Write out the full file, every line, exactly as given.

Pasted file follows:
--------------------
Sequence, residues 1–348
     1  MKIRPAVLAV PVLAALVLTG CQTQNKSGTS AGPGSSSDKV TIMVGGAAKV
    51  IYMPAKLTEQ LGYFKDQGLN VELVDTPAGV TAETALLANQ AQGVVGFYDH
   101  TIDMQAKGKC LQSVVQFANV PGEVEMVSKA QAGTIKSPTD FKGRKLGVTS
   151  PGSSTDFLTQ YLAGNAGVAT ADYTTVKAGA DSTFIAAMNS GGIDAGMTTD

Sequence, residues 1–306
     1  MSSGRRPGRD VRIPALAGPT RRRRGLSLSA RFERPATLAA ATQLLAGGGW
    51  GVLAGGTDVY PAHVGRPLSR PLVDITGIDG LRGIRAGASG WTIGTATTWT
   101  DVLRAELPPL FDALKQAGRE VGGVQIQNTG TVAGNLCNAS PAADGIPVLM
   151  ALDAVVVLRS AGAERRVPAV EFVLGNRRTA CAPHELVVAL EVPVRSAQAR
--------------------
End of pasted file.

Sequence, residues 1–348
     1  MKIRPAVLAV PVLAALVLTG CQTQNKSGTS AGPGSSSDKV TIMVGGAAKV
    51  IYMPAKLTEQ LGYFKDQGLN VELVDTPAGV TAETALLANQ AQGVVGFYDH
   101  TIDMQAKGKC LQSVVQFANV PGEVEMVSKA QAGTIKSPTD FKGRKLGVTS
   151  PGSSTDFLTQ YLAGNAGVAT ADYTTVKAGA DSTFIAAMNS GGIDAGMTTD

Sequence, residues 1–306
     1  MSSGRRPGRD VRIPALAGPT RRRRGLSLSA RFERPATLAA ATQLLAGGGW
    51  GVLAGGTDVY PAHVGRPLSR PLVDITGIDG LRGIRAGASG WTIGTATTWT
   101  DVLRAELPPL FDALKQAGRE VGGVQIQNTG TVAGNLCNAS PAADGIPVLM
   151  ALDAVVVLRS AGAERRVPAV EFVLGNRRTA CAPHELVVAL EVPVRSAQAR